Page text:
string fileName;
           char harvest[100];
           char sendToFile[100];
           
          // Clears a char array
           void clearCharArray( char arrayToClear[], int valueTo, int lengthOfArray )
           { 
                for( int i = 0; i <= lengthOfArray; i++ )
                {
                     if( arrayToClear[i] != valueTo )
                     {
                          arrayToClear[i] = valueTo;
                     } 
                }
           }
 
};


int main(int nNumberofArgs, char* pszArgs[])
{
    FILEIO testVar;
    
    testVar.harvest[100];
    
    for( int i = 0; i <= 100; i++)
    {
         cout << "Test var pos " << i << " is: " << testVar.harvest[i] << endl;
    }
    
    testVar.clearCharArray( testVar.harvest, 4, 100 );
    system("PAUSE");
    
    for( int i = 0; i <= 100; i++)
    {
         cout << "Test var pos " << i << " is: " << testVar.harvest[i] << endl;
    }
    
    system("PAUSE");
    return 0;

}

When i run this, it does change all the parts of the array to one value (when testing with a lenght of 100), but i have it setting to 4, it changes everything to ♦♦♦♦♦♦ symbols. I dont think this is normal, or is it?

Re: problems with classes 80 80

1) To use std::strings in your program use this line:

#include<string>

not this:

#include<string.h>

The latter is a deprecated file for functions to manipulate C style strings.

2) if arrayToClear has capacity of lengthOfArray then the largest valid index for an element of arrayToClear is at lengthOfArray - 1. That means if you do this:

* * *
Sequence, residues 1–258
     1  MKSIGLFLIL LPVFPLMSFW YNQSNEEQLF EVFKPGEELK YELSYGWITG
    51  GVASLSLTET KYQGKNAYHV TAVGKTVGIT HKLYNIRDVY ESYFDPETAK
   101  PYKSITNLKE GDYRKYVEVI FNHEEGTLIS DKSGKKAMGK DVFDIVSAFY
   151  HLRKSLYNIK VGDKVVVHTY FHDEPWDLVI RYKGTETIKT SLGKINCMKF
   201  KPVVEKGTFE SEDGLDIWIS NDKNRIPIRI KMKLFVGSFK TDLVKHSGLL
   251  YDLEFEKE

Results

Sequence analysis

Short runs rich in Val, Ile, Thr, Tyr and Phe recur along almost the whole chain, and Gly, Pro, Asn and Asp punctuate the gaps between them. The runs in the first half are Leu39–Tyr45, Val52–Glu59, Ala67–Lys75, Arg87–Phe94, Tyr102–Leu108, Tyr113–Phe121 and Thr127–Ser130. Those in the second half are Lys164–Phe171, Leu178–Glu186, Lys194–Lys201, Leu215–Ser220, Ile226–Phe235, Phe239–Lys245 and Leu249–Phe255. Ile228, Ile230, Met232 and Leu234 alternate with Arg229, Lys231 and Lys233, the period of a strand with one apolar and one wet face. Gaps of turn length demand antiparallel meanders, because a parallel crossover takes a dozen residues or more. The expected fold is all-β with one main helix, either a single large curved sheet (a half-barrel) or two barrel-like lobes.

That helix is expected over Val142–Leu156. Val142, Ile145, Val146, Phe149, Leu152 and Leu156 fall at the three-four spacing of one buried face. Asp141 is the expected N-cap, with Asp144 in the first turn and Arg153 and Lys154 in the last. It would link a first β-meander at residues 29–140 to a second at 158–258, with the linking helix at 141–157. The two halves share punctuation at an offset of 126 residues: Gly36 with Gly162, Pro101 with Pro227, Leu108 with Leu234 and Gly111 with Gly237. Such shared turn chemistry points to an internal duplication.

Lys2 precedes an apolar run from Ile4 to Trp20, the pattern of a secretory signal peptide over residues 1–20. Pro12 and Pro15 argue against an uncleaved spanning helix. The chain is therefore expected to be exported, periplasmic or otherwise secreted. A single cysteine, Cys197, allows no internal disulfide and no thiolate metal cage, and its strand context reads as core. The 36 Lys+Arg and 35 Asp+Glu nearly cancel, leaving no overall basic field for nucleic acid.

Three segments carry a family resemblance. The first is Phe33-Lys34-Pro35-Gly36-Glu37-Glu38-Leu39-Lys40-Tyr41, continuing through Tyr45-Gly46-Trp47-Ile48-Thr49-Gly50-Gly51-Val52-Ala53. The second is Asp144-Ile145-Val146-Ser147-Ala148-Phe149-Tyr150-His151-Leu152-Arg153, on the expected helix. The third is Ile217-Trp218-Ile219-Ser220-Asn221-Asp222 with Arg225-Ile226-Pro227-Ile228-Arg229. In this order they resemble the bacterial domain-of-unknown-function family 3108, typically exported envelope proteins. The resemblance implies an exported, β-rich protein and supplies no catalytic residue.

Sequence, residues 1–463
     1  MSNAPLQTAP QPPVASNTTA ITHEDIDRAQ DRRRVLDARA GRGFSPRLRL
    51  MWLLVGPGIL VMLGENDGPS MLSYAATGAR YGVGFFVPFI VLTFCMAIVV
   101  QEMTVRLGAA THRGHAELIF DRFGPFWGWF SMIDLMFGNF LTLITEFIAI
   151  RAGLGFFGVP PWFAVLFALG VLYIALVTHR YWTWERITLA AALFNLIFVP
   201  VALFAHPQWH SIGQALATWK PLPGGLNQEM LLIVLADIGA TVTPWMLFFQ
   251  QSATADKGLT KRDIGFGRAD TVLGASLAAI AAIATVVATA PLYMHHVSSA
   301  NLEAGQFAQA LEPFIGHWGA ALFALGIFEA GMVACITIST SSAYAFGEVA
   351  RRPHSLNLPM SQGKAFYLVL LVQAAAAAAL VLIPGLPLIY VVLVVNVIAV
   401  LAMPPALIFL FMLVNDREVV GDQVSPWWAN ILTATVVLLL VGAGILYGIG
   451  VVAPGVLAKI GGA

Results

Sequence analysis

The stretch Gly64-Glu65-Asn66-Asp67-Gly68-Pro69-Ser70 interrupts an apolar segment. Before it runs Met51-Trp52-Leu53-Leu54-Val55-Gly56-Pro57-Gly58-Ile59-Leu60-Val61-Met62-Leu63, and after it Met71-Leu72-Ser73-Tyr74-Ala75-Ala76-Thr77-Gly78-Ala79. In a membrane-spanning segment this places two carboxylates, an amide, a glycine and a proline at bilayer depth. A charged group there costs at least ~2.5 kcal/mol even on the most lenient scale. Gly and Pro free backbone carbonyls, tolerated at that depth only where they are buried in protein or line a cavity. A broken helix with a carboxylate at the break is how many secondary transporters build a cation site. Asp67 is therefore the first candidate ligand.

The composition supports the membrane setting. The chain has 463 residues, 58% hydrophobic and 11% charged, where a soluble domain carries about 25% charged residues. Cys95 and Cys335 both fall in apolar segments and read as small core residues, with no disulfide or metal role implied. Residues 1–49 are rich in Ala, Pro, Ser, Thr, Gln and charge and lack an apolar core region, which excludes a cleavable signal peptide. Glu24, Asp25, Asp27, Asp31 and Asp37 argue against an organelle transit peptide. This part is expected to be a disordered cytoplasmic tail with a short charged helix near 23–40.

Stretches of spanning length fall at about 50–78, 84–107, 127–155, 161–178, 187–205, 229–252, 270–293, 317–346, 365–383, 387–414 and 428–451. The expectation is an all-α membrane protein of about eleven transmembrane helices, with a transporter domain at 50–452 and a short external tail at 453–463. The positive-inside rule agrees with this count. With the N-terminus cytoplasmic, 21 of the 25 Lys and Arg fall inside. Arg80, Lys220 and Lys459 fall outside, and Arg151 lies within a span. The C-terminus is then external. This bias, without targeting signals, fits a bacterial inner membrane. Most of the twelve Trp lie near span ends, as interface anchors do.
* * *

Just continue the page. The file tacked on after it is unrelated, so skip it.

for( int i = 0; i <= lengthOfArray; i++ )
{
    if( arrayToClear[i] != valueTo )

you are reading one past the array since i will no longer be a valid index when i == lengthOfArray

3) arrayToClear is an char and valueTo is an int. It turns out that assigning char an int value from 0-255 is valid since each char is really assigned and int from 0-255 (or maybe it's from 1-256----doesn't really matter) and that's how the computer changes it into a binary number to store in memory. I have no idea what the char is that has an ASCII (the chart that controls the int value of each char in the char set most commonly used in C/C++) value of 4, but it wouldn't surprise me if it was a diamond.

4) If you want to clear an empty C style string all you have to do is assing the element with index of zero the null char, like this:

char word[8] = "hello";
word[0] = '\0';

word is now "empty" or clear when used as a string. If you output the char value of each element of word however, you would get the null char followed by 'e', 'l', 'l', 'o' followed by another null char, followed by 2 junk char since word[6] and word[7] haven't been initialized/assigned any specific value yet. If you are trying to assign every char in an array of char to a specific, default value you can do that too of course, often, though not always, with a loop such as you have attempted.

5) This

testVar.harvest[100];

is meaningless. This:

testVar.harvest;

is a char array of capacity 100. If there is a null char in there somewhere then it is a C style string. If not, then it is a simple array of char.

Be a part of the DaniWeb community

We're a friendly, industry-focused community of 1.19 million developers, IT pros, digital marketers, and technology enthusiasts learning and sharing knowledge.